I’d read Terry Pratchett’s Thief of Time before when it came out, but I’d had the Apocalypse on my mind because of Good Omens, and as Thief features the Fifth Horseman, it seemed like a good pick.
This is the most recent of Pratchett’s many Discworld books and one of my favorites. The Discworld books are comfort books for me; they take our world and history, twist it X number of degrees (Ankh-Morpork, the biggest city, is about what London might have been around the Industrial Revolution, if, sometime prior, all the fantasy creatures had said, “Hey, we’re here and we want jobs.”), point up the absurdities inherent therein and then add some more, but—and this is the key point—as part of good stories with funny bits. The books can be loosely divided up into sub-series based on the main characters; this one is a Death/Susan book (Susan is the daughter of Death’s adopted daughter, and has stood in for Death in prior books. Genetics are a funny thing on the Discworld.). Death, on the Discworld, is your traditional skeleton with a scythe and a big white horse; the horse’s name is Binky, though, and Death is much more sympathetic to living things than some of the other things in the Discworld. Like the Auditors.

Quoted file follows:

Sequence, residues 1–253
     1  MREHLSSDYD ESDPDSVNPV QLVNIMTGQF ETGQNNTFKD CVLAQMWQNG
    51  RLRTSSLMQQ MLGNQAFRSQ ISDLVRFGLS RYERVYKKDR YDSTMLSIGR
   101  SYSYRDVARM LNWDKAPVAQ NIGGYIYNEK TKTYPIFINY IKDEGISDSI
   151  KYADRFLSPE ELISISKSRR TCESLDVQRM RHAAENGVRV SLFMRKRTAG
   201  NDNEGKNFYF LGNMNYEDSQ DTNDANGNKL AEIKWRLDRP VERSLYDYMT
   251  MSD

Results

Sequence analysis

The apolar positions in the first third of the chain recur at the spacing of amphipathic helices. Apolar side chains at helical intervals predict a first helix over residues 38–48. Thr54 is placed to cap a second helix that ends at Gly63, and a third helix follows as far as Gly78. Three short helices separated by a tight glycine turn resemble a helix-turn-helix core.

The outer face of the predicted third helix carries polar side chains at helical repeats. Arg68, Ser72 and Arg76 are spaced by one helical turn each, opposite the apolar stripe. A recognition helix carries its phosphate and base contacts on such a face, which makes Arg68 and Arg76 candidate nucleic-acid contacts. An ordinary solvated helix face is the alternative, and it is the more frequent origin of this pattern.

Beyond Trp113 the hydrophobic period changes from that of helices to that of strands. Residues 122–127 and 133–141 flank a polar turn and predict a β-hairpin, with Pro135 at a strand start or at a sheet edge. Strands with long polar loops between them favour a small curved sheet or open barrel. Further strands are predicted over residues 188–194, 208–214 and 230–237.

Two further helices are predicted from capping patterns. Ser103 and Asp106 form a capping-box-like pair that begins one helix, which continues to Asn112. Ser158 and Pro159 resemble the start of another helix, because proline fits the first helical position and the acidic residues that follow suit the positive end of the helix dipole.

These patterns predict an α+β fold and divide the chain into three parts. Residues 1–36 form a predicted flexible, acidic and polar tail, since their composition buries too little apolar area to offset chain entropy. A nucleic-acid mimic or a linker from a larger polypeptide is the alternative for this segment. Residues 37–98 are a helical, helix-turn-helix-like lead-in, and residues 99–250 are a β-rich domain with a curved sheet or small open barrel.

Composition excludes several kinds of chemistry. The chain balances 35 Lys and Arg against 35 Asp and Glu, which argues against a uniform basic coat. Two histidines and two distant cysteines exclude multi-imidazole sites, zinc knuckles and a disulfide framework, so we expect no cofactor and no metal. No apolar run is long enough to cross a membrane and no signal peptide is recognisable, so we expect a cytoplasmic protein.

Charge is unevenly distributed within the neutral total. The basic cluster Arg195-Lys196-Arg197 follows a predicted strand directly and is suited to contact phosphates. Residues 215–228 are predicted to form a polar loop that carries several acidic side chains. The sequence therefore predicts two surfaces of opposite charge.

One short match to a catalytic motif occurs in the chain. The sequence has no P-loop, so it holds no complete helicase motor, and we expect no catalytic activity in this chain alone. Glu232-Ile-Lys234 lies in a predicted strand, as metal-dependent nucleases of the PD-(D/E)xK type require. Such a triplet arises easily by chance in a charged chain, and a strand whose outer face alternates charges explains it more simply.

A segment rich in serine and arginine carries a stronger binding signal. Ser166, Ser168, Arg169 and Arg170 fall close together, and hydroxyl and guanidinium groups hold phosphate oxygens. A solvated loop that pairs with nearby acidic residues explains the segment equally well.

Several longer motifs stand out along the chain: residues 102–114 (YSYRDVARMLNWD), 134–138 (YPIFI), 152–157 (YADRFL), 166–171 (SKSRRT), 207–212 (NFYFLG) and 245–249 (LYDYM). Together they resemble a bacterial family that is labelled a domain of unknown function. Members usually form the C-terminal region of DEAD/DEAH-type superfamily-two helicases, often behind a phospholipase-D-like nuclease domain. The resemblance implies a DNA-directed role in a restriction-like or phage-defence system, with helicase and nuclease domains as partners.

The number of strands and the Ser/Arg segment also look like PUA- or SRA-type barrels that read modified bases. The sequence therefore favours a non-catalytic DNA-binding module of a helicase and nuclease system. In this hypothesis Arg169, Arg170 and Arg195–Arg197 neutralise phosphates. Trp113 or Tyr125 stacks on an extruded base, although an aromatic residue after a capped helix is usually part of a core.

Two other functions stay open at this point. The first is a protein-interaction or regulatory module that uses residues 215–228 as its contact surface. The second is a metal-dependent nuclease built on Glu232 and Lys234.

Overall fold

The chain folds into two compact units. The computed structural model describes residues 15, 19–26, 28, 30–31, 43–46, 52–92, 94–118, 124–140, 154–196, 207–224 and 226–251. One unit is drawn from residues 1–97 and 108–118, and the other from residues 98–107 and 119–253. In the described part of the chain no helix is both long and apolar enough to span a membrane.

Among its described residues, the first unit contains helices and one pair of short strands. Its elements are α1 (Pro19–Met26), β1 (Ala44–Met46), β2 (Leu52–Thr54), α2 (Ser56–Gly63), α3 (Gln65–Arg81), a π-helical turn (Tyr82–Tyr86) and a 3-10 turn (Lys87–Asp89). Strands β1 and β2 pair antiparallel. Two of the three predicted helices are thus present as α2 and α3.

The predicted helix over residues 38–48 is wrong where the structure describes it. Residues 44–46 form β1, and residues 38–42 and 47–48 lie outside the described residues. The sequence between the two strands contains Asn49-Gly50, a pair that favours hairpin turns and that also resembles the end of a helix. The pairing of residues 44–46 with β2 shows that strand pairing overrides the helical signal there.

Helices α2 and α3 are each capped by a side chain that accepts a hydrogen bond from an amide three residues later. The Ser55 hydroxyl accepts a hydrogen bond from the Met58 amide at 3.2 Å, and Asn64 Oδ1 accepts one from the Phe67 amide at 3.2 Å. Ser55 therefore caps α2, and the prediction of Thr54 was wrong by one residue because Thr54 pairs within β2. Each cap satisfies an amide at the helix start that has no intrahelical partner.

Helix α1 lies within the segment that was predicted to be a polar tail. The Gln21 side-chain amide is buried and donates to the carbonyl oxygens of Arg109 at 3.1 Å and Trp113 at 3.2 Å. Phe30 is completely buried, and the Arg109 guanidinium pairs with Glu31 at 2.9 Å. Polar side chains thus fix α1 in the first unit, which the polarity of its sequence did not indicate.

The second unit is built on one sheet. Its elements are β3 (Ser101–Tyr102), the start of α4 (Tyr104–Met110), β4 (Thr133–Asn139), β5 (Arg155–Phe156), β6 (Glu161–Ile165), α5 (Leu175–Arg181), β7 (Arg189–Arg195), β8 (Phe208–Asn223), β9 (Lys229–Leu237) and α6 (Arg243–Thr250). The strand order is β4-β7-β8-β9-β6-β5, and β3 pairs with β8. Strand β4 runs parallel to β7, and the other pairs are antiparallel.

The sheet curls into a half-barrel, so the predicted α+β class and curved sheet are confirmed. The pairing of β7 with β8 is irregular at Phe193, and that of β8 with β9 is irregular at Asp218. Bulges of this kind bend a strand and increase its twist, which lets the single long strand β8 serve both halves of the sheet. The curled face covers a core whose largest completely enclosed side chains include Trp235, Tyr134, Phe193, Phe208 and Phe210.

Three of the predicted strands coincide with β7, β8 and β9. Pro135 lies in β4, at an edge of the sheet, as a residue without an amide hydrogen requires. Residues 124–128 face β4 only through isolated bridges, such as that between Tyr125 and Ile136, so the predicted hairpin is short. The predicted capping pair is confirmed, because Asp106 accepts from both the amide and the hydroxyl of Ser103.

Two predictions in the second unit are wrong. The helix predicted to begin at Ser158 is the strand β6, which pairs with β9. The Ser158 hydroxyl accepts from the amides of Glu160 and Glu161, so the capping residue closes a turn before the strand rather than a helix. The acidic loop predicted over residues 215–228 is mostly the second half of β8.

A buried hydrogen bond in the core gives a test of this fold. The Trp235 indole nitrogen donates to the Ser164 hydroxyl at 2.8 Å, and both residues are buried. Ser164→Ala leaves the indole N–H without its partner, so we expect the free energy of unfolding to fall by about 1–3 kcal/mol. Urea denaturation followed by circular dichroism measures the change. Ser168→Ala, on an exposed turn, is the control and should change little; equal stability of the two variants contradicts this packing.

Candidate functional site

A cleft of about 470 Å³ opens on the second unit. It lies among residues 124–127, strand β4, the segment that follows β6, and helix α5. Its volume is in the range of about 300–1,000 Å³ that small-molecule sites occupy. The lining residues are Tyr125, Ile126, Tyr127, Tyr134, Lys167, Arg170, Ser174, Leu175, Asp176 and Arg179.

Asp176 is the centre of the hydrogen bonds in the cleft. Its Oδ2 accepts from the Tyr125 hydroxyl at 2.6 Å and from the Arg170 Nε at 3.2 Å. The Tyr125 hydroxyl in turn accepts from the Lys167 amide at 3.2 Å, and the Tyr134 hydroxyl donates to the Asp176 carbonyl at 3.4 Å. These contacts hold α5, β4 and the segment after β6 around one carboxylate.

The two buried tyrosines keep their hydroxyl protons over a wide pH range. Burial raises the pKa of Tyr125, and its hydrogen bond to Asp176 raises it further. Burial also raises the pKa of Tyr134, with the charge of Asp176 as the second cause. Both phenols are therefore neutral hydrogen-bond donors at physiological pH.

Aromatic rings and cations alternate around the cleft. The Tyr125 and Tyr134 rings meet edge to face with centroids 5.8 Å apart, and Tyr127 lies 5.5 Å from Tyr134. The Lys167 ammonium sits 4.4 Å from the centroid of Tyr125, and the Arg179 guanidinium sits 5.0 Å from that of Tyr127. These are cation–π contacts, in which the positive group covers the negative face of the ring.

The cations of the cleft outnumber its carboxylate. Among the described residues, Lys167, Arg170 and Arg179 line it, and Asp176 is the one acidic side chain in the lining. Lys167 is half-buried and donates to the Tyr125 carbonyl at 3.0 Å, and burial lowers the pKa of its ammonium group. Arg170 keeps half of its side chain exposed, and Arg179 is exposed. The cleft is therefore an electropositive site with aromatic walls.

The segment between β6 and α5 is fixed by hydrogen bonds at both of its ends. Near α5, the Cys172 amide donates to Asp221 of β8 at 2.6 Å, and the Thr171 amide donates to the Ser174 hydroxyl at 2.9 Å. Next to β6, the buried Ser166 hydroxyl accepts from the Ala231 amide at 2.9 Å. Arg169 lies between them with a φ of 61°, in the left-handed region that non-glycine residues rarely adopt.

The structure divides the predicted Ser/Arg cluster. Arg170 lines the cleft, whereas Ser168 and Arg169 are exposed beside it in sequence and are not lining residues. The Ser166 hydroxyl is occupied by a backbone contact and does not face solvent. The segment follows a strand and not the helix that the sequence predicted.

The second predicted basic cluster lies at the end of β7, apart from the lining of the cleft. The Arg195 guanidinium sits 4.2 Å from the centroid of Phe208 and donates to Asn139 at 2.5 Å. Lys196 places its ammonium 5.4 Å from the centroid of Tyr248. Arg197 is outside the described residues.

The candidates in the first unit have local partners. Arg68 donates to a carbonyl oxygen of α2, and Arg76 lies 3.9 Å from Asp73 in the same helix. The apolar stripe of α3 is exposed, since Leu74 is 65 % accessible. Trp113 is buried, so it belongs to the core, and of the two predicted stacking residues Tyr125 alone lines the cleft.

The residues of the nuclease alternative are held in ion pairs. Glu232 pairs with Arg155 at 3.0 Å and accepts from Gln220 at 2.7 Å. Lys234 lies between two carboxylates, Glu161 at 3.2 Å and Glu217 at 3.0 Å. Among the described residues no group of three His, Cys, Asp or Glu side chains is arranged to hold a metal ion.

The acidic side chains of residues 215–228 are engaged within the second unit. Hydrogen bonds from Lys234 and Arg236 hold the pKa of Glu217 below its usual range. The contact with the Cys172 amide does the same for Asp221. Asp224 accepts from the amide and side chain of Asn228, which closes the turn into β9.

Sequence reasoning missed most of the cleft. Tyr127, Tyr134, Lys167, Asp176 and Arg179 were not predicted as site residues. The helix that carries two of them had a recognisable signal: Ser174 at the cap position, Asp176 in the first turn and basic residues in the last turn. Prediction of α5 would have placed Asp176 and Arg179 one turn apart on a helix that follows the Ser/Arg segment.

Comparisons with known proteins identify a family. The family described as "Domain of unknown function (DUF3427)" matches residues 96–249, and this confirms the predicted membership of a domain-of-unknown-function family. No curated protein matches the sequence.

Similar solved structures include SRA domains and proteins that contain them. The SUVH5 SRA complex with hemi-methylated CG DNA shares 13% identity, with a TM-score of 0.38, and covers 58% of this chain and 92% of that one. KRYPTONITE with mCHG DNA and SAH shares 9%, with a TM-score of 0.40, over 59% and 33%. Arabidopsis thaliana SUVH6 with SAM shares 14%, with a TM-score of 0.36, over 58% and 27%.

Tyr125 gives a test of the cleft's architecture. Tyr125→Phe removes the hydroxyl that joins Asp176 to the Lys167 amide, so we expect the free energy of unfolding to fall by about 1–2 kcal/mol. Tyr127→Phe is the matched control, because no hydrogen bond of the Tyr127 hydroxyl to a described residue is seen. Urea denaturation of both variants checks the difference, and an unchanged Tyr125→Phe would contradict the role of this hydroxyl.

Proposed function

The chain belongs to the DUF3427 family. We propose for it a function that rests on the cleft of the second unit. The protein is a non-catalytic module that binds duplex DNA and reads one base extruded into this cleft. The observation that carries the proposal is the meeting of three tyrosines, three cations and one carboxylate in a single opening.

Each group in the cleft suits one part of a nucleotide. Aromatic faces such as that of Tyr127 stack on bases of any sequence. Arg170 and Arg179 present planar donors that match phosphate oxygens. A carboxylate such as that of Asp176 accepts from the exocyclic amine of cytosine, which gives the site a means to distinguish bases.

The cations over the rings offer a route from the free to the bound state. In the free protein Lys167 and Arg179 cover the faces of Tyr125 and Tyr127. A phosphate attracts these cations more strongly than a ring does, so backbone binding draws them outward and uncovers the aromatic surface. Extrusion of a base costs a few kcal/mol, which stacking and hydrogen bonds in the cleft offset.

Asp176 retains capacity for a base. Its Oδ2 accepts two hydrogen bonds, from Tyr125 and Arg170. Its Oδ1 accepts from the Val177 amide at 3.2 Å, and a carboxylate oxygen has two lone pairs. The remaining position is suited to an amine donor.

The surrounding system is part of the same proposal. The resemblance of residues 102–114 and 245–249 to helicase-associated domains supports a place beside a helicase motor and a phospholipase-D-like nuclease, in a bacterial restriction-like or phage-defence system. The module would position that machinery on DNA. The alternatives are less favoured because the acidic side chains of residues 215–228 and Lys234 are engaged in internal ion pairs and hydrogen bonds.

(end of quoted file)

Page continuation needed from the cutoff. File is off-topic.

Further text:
He recognized them. They were not life-forms. They were . . . nonlife-forms. They were the observers of the operation of the universe, its clerks, its auditors. They saw to it that things spun and rocks fell.
And they believed that for a thing to exist it had to have a position in time and space. Humanity had arrived as a nasty shock. Humanity practically was things that didn’t have a position in time and space, such as imagination, pity, hope, history, and belief. Take those away and all you had was an ape that fell out of trees a lot.
Intelligent life was, therefore, an anomaly. It made the filing untidy. The Auditors hated things like that. Periodically, they tried to tidy things up a little.
This time, they’ve found a human to make the first truly accurate clock. Why this means the Apocalypse, and who the Fifth Horseman is, and what the History Monks are going to do about it, and what happens when an Auditor takes on flesh, and why Nanny Ogg thinks it’s all gone myffic (“‘Mythic?’ said schoolteacher Susan. ‘Yep. With extra myff.'”), and whether there can be a perfect moment even with nougat (“a terrible thing to cover with chocolate, where it can ambush the unsuspecting”) . . . well, you’ll have to read it to find out.